The Affordable Accessory Apartment Program is a public/private partnership between individual homeowners and the town whereby homeowners rent accessory apartments to tenants who earn 60–80 percent of the area’s media income, Lincoln Housing Coalition member Pamela Gallup explained at last week’s State of the Town meeting. (The Housing Coalition is a collaboration among the Housing Commission, the Affordable Housing Trust and the Lincoln Foundation.)
Homeowners would have an incentive: a loan of up to $25,000 from the town to create or renovate an accessory apartment. The loan would secured by a lien on the property but would not contingent on the homeowner’s income, and it would have to be repaid in full when the house is sold. The property would also have a 15-year deed restriction, although it could be terminated with 60 days’ notice at the end of a tenant’s leaser term. In addition, the homeowner would get a property tax exemption for the accessory-apartment portion of the house.
To qualify under the program, each affordable accessory apartment must have a separate entrance and off-street parking, and must not exceed 1,200 square feet or 35 percent of the home’s square footage. Prospective landlords would also have to submit certified architectural plans and demonstrate that their septic system is adequate. After receiving a special permit from the Zoning Board of Appeals, they would have to select tenants from a waiting list of those who applied to the town.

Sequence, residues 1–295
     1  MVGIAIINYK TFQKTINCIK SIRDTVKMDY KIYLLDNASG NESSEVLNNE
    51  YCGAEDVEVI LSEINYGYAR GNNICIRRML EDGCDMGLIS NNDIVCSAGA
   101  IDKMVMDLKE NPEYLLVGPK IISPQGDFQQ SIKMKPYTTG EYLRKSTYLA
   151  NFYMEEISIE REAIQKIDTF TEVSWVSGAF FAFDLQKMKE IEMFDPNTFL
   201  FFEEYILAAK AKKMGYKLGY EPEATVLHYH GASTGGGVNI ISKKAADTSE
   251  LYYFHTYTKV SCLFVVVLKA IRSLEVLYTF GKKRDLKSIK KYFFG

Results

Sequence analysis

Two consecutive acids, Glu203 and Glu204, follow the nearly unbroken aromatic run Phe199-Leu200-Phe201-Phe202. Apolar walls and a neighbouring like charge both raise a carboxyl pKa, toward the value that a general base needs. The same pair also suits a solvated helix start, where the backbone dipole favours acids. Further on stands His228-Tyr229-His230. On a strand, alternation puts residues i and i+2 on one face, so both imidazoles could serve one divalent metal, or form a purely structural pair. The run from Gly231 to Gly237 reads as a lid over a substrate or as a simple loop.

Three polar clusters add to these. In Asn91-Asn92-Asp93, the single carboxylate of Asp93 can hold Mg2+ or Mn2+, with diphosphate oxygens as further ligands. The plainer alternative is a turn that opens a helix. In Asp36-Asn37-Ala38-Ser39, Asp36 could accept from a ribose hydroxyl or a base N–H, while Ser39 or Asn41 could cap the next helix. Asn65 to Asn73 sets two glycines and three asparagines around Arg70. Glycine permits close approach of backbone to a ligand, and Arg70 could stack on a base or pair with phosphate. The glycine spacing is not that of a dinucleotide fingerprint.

The goal of the program is to create 10 new affordable accessory apartments that qualify for inclusion on the town’s subsidized housing inventory before the 2020 census. Ten percent of every Massachusetts town’s housing must be affordable, and Lincoln is currently at 10.9 percent. Gallup said. That figure is projected to fall to 10.08 percent by 2020. If the ratio falls below 10 percent, developers would be allowed to build affordable housing without following the town’s zoning rules on density, setback, height, etc.
Qualifying income limits for tenants range from $38,363 to $51,150 for a single person and $54,788 to $73,050 for a family of four. Fair market rent as calculated by the federal government for Lincoln would be $1,029–$1,372 per month for a one-bedroom unit.
The program would have the advantages of spreading affordable housing throughout the town, creating a source of income for homeowners, and providing housing options for town employees, single people and young families, Gallup said.
Lincoln currently has about 70 known permitted accessory apartments and an unknown number of unpermitted units. If some owners of those units converted their apartments to meet state guidelines and got special permits, the town could increase its affordable housing inventory without any new construction.
The town itself owns and manages seven units of affordable housing, though there are also privately owned units in Lincoln Woods and The Commons.
Resident Tom Sander suggested that the town collect loan repayments before the house is sold so some of the money can be reinvested in the program. He also suggested prioritizing homeowner applications according to how close they are to the train station, making it more attractive for commuter tenants.
In answer to an audience question, Gallup said renters must re-verify their income with the town each year to remain qualified for the apartments; if their income rises above the guidelines, they have 18 months to move out.
For the program to go forward, residents must approve three things at Town Meeting in March: amendments to the accessory apartment bylaw to conform with state Department of Housing and Community Development rules, creating the homeowner property tax exemption, and allocating Capital Planning Committee funds for the loan program.
“There’s absolutely no downside for the town in going into this program, as far as I can see,” said former Planning Board member Bob Domnitz.